Low-Intensity: If the client can easily speak in full sentences with little to no pause for a breath, they are working at a low intensity. Think about what it sounds like to sit and chat with a friend. That's a good example of how low-intensity activity would sound.

Moderate-Intensity: When the client is working at a moderate intensity, their breathing will be more audible, but they will still be able to hold a conversation. If you've ever gone on a brisk walk with a friend, you can likely still chat, but your breathing will be more labored than just sitting and chatting.

High-Intensity: If the client can only squeak out one or two words between gasps of air, they're working at a high intensity. Think sprints or HIIT training.

What Are the Benefits of The Talk Test

There are many benefits to using a talk test to gauge how hard your client is working:

Cheap: No equipment required!

Easy to administer: The talk test can be administered easily and quickly. The main benefit here is that the client can keep doing what they're doing, and you can check in periodically to assess their level of intensity in a non-invasive manner.

Versatile: The talk test can be done during almost any activity.

Client education: The client can learn what different exertion levels feel like for them. This way, if they happen to be training alone, they can train at the proper intensity level.

Similar Tests to the Talk Test

Besides the talk test, other equipment-free tests can be done to measure intensity levels. Two of these are the rate of perceived exertion method and the ventilatory threshold tests.

The rate of perceived exertion (RPE) method allows you to ask your client how hard the exercise feels for them on a scale of 1-10, 1 being very light and 10 being maximum effort. This gives you subjective information on how your client feels during the exercise, and not just their physiological response to the demand.

The ventilatory threshold (VT1 and VT2) tests are incremental tests performed on any piece of cardio equipment that gradually progresses in intensity level while using the talk test to determine when the body's metabolism undergoes a significant change (altering the percentage of carbohydrate and fat being burned as fuel when compared to being at rest). There are two levels for this test: VT1 and VT2.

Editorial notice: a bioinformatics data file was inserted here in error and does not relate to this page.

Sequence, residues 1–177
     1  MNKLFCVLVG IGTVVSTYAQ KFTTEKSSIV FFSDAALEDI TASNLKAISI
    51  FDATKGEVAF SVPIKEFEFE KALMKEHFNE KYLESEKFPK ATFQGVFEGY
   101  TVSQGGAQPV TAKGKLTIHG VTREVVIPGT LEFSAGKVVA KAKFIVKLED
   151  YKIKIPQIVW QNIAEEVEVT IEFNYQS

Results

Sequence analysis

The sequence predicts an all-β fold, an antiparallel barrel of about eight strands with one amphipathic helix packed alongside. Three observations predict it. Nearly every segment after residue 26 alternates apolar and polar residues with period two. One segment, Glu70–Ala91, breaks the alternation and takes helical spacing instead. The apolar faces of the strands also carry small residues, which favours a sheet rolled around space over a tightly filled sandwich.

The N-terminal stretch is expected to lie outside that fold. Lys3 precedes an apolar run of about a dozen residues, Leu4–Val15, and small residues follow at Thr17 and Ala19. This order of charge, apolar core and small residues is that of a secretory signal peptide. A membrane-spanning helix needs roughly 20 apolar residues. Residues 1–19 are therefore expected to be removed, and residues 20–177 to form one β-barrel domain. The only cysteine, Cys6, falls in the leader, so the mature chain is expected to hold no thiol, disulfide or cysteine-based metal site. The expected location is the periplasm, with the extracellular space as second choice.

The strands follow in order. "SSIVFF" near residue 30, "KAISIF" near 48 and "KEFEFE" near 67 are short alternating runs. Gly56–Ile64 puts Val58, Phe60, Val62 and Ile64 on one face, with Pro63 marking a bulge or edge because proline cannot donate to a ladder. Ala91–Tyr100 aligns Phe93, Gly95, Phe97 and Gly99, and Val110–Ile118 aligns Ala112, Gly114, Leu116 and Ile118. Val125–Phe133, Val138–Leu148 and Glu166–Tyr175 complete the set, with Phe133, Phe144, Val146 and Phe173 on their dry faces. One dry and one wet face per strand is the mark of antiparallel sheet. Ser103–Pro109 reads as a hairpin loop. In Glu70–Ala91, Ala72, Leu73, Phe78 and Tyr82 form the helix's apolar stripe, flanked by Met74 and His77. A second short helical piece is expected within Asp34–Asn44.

• During VT1, breathing is audible and feels uncomfortable or challenging to the client. At this point, the client is using equal parts carbohydrate and fat as fuel sources, and the aerobic energy systems are working. This test is acceptable to perform with most clients.

• During VT2, you are measuring a client's capacity to sustain high-intensity work and the client will increase the intensity until they are no longer able to speak. While training in VT2, glucose is the main fuel source for the activity, and the anaerobic energy systems kick into high gear. The VT2 test is best for clients with performance goals who have good core and postural control.

Bottom Line:

If you need an easy, quick, and inexpensive way to measure how hard your client is working during their session, the talk test is a great tool to have in your back pocket.

References:

Sutton, B. G. (2021). Nasm Essentials of Personal Fitness Training. Jones & Bartlett Learning.

World Health Organization. (2015). Physical activity and adults. Retrieved from https://www.who.int/dietphysicalactivity/factsheet_adults/en/

The Author

Kinsey Mahaffey

Kinsey Mahaffey

Kinsey Mahaffey, MPH, is a Houston-based fitness educator, personal trainer and health coach who developed her commitment to lifelong fitness while playing Division I volleyball. She’s passionate about helping others cultivate a healthy lifestyle and enjoys educating other fitness professionals who share this vision. She’s a Master Instructor and Master Trainer for NASM.